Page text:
Defining Water hardness: Water hardness often is expressed as milligrams of hardness
per liter of water (mg/L). Table I, adapted from the Water Quality Association (WQA),
shows hardness classifications. Hardness ions are typically combined with sulfate,
chloride, carbonate, or bicarbonate ions. For consistency, concentrations are generally
converted to the equivalent concentration as calcium carbonate (CaCO3) and expressed in
terms of hardness as calcium carbonate.
Table I. Classification of water hardness (hardness as calcium carbonate).
Classification
mg/l or ppm
grains/gal
Soft
0 – 17.1
0–1
Slightly hard
17.1 – 60
1 – 3.5
Moderately hard
60 – 120
3.5 – 7.0
Hard
120 – 180
7.0 – 10.5
Very Hard
180 & over
10.5 & over
For our purposes here, it will suffice if you understand that dissolved calcium and
magnesium salts are primarily responsible for most scaling in pipes, water heaters as well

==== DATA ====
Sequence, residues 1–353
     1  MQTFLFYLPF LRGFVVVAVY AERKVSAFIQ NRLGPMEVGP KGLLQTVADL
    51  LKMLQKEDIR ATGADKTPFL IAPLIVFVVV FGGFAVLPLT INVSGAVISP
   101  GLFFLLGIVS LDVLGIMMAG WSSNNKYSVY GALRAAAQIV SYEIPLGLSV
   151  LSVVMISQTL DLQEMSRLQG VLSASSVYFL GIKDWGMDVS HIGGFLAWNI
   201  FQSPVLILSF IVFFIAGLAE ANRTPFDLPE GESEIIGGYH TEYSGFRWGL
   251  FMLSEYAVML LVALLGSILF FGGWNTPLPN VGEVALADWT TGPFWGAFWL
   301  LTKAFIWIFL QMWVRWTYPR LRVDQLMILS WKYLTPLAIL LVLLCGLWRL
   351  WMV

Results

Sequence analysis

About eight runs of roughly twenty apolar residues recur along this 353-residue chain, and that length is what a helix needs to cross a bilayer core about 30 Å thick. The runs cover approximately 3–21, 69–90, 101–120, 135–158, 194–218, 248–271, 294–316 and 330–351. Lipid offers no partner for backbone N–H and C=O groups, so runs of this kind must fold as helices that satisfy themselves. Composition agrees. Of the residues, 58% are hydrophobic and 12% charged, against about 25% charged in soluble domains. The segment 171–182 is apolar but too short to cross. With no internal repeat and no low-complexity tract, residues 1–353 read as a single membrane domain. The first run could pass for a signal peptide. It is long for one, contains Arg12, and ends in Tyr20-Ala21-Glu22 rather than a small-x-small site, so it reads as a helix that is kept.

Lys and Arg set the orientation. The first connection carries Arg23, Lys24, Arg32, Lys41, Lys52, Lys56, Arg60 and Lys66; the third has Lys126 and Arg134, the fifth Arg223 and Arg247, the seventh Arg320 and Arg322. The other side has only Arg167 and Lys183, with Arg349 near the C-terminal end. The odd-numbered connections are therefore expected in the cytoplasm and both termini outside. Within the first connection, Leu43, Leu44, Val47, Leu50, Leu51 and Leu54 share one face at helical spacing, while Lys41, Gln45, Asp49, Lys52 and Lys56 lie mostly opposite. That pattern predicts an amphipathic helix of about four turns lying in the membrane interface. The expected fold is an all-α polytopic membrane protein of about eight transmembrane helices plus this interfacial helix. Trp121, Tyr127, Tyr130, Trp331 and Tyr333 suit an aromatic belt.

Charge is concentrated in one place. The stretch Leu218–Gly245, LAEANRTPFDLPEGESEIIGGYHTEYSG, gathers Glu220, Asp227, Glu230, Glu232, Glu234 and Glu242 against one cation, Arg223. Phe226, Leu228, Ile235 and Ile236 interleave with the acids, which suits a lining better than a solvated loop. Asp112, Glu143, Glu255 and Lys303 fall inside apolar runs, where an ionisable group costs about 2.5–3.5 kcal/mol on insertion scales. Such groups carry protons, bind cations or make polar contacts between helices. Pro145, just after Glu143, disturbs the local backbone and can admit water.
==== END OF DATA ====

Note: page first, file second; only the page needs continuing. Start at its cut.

as espresso boilers. Hardness is usually expressed in grains per gallon (or ppm) as
calcium carbonate equivalent. However, because we are dealing with very small
quantities of water for our purposes, our reference should always be made in parts per
million or ppm.
It is important to have your water tested if you intend to use tap water in the reservoir of
your espresso machine to brew coffee. Tap water, it should be noted, may also have
chlorine, ozone and/or sulphur as well as numerous other chemicals that can adversely
affect the taste of your coffee. Thus, you may ultimately prefer bottled water or water
from your own filtering system or device.
A typical home water purification system uses a prefilter to remove particulates, then a
reverse osmosis filter, and a final filter, which contains a solid block carbon (charcoal)
filter. This type of system removes nearly all of the priority pollutants as well as bacteria.
They are widely available from various companies listed in your local Yellow Pages.
Generally, a dedicated water faucet is installed on the sink from which to draw the